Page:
Bishop Richard F. Stika, the spiritual leader of East Tennessee Catholics and head of the faith's Diocese of Knoxville, delivered the homily at the funeral last weekend for Major League Baseball Hall of Famer Stan Musial.
The bishop was the pastor for Musial and his wife, Lil, at the Church of the Annunziata, his last assignment in St. Louis before being named a bishop in Tennessee.
"With a twinkle in his eye, with the sounds of his harmonica and with his kind smile, Stan truly lived out his faith, Bishop Stika, a rabid St. Louis Cardinals fan, said in the homily. "He was grateful for what he was blessed with and had a strong desire to share his gifts with others."
The average baseball fan may know only a little about Musial, who, after all, retired 50 years ago in 1963. He won seven batting titles, earned three Most Valuable Player awards, had a lifetime batting average of .331, stroked 3,630 hits, and belted 475 home runs.
When Stan the Man -- a nickname given him by then-Brooklyn Dodger fans which followed him the rest of his life -- died recently, a friend of mine posted his passing on Facebook. He posted that Musial had 1,815 hits in home games and 1,815 hits in road games, a model of consistency.
I noted in the same post that he struck out only 696 times in 10,972 at bats, a strikeout every 15.8 times at bat, a model of discipline.
Compare that with the Atlanta Braves' recent brother acquisitions, Justin and B.J. Upton. Justin strikes out every 3.8 at bats, while B.J. whiffs every 3.5 at bats.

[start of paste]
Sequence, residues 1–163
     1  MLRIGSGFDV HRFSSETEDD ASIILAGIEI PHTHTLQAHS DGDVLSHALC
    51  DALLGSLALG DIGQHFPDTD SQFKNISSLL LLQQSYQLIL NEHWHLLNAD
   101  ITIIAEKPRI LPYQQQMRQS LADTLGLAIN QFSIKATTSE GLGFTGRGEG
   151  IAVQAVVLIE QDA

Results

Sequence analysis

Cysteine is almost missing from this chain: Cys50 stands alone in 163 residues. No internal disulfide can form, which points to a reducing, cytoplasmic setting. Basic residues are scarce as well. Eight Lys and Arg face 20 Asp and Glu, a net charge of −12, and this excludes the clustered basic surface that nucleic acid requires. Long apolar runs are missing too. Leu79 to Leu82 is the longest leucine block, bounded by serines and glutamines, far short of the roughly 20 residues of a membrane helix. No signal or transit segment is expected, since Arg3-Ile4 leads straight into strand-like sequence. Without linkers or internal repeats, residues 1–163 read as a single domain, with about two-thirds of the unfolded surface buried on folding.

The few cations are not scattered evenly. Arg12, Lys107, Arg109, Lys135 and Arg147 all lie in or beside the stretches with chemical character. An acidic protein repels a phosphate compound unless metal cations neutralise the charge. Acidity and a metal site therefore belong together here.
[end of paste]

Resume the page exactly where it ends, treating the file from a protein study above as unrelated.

Musial, as I read recently in a biography of the longtime St. Louis Cardinals slugger and as Stika pointed out, was married to the same woman for 72 years, was a devoted father, grandfather and great-grandfather, was a man of faith, was a successful businessman, served his country in the Navy during World War II and constantly gave back to the game he loved.
Indeed, as the bishop mentioned in the homily at Musial's funeral and also had pointed out last year at Lil Musial's funeral, he was never thrown out of a baseball game.
"Some may think it was because of his kind disposition," Stika said. "Perhaps maybe he just did not want to go home and tell Lil that he was thrown out of a game."
Musial's life was the antithesis of everything that is honored in celebrity and mimicked by others today and is, in turn, why the country has taken such a wrong turn.
But Stan the Man, with a constant smile and ever ready to offer a tune on the harmonica, refused to let it get to him. Stika, in his homily, described a weekly tradition that described the player's sunniness.
"There was a tradition at Annunziata," he said, "that following Mass, Stan would push the wheelchair of Lil to his car. People, young and old, would line up to assist Stan in putting the wheelchair in the trunk of his car. I am sure that they did this with a spirit of generosity, but also it was well known that once the trunk was open, Stan would be generous in sharing with anyone around whatever souvenirs were in his trunk."
Musial, according to Stika, embodied the calling each one of us is given.
"God our most loving Father," he said, "invites us to a special relationship with him. He has blessed us with life that is filled with gifts and talents. He has blessed us with family and friends. He has blessed us with acts of kindness and a joy filled heart. And he waits and watches to see what we do with that life."
We should respond in kind, not for Stan, who at his retirement was proclaimed by baseball Commissioner Ford Frick as "baseball's perfect warrior ... baseball's perfect knight," but for what each of us has been given.
Contact staff writer Clint Cooper at firstname.lastname@example.org or 423-757-6497. Subscribe to his posts online at Facebook.com/ClintCooperCTFP.